"It Was A Dark And Stormy Night . . ."


Lesson 17


Mood is defined as a created atmosphere or context. In the movies mood is achieved by special lighting, sound effects, selected music, and the tone of the actors’ dialogue and actions. In poetry, to create mood, the writer must rely on his/her use of words and phrases to "paint the right scene" - in other words, create the right mood. The mood may be somber, light-hearted, "other worldly," comical, silly, or thought provoking. It is up to you, as the poet, to consider your theme and purpose. Then create the mood that best relays those two elements to your reader.

Let’s look at some poems and practice identifying theme, purpose, and mood in the following poem



Karle Wilson Baker


Some days my thoughts are just cocoons--all cold,

and dull and blind,

They hang from dripping branches in the grey woods of my mind;

And other days they drift and shine--such free and flying things!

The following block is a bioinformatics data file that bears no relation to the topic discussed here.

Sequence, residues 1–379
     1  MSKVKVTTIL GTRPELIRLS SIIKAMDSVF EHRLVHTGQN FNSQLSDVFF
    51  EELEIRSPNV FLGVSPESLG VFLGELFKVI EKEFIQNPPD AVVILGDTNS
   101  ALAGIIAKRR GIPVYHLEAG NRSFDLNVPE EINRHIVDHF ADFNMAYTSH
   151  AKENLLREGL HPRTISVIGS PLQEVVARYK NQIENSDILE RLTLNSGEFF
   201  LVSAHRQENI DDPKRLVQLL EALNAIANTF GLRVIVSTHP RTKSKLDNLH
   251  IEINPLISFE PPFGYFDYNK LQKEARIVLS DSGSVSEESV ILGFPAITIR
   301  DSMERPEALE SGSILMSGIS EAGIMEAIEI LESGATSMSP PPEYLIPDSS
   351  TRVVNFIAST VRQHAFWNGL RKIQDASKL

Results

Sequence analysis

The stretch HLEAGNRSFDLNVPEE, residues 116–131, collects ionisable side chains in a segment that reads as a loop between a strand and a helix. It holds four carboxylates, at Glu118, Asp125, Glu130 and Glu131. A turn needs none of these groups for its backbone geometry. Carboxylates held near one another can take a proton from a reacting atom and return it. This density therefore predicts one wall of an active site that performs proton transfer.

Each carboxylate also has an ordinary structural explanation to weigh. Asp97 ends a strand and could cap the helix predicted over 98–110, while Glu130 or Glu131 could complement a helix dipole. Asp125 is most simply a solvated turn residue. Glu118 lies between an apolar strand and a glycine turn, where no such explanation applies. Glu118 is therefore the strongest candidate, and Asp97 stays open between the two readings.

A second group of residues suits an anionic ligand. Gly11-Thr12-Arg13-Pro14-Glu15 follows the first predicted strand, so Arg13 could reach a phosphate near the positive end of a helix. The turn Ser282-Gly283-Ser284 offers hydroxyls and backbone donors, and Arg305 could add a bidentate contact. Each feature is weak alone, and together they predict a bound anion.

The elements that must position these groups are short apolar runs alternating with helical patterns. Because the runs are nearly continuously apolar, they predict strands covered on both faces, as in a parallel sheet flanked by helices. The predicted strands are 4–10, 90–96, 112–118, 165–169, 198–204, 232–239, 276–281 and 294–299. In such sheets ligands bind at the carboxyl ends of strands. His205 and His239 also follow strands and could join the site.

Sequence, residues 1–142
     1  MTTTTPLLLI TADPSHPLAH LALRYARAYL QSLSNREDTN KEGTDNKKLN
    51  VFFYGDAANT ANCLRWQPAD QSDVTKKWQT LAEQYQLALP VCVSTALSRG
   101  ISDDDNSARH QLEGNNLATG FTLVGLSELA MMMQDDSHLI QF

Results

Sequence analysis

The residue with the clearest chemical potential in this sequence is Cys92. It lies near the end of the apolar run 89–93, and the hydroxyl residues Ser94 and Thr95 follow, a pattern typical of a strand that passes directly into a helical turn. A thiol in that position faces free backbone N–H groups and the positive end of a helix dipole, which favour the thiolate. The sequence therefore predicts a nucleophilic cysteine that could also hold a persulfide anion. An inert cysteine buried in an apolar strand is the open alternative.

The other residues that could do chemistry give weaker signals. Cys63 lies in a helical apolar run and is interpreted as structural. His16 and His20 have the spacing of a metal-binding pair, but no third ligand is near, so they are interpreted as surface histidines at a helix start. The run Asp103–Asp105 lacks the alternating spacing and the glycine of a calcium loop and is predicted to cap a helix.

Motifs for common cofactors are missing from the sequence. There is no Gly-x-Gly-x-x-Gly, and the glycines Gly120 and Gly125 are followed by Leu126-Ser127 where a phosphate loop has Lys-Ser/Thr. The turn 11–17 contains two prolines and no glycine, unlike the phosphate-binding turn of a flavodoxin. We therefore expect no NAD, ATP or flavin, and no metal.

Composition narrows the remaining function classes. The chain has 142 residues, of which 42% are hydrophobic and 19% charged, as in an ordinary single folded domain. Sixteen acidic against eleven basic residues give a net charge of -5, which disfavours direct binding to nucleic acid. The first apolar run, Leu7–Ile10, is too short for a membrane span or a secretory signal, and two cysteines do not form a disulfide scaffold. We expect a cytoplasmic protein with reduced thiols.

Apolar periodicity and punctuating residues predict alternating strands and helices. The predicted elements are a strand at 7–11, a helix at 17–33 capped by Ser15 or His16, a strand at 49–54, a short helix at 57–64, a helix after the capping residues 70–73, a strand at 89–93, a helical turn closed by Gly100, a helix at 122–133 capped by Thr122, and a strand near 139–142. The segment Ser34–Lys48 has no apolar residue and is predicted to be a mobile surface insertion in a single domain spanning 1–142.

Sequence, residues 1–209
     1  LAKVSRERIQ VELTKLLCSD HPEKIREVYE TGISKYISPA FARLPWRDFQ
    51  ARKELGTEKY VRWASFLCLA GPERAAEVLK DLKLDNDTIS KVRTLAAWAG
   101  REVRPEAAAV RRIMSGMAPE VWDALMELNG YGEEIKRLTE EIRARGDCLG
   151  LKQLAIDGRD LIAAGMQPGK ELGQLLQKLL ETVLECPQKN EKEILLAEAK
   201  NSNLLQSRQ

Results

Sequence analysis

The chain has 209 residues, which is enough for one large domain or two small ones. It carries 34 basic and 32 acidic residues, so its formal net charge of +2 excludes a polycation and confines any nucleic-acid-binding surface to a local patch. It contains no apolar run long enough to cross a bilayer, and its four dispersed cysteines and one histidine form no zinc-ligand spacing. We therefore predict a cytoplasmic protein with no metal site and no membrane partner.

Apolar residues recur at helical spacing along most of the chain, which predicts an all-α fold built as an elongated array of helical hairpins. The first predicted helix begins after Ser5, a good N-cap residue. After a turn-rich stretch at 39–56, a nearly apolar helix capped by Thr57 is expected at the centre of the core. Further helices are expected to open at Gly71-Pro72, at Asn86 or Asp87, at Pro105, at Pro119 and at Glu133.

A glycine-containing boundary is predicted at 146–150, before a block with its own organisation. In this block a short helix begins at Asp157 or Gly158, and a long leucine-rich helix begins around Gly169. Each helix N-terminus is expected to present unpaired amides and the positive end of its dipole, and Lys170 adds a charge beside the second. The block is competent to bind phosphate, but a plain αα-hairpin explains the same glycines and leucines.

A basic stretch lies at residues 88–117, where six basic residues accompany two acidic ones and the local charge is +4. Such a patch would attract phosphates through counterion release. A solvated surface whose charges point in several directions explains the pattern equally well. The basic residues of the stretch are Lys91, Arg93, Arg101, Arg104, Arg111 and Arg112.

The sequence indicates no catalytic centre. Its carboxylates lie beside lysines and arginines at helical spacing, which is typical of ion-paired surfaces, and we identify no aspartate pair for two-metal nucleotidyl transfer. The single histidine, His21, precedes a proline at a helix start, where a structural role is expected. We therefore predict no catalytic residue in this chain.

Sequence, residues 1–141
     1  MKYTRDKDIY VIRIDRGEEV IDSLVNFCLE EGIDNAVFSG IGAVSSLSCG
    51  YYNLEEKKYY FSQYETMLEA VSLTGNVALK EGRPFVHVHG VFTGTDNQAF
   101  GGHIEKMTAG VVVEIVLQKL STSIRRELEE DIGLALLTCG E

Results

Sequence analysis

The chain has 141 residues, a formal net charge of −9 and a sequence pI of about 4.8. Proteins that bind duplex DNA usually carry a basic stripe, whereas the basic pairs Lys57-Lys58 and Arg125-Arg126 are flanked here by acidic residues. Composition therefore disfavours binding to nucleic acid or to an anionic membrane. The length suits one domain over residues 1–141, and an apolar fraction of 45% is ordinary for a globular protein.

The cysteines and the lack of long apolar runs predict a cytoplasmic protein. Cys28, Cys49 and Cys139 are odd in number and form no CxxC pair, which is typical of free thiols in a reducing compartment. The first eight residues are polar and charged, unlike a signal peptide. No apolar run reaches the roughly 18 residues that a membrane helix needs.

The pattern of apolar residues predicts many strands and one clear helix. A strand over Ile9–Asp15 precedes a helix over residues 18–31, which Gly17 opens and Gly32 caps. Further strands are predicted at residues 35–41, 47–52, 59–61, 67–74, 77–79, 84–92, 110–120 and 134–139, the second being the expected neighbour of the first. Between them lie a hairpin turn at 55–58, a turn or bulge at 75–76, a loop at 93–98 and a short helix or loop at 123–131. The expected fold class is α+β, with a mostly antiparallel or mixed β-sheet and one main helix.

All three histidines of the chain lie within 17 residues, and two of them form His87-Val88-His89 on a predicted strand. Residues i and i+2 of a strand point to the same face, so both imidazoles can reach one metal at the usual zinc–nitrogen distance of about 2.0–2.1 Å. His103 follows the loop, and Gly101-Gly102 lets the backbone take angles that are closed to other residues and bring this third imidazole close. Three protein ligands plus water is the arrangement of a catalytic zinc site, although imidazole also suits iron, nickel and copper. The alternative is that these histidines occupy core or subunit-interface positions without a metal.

I find the gold-dust in my hair, left by their brushing wings.



The theme is:________________________________________.


The mood is ______________________________________.


The purpose is ______________________________________.


Go to Lesson 2 and choose a poetry site. Then choose a poem and do the above exercise again.


When you search a poem for its hidden meaning, purpose, and mood, it is called exposition.

Now that you’ve had a chance to analyze some poems, make a decision about the type of mood you want to establish with your theme from Lesson 15.



Lyrical Lessons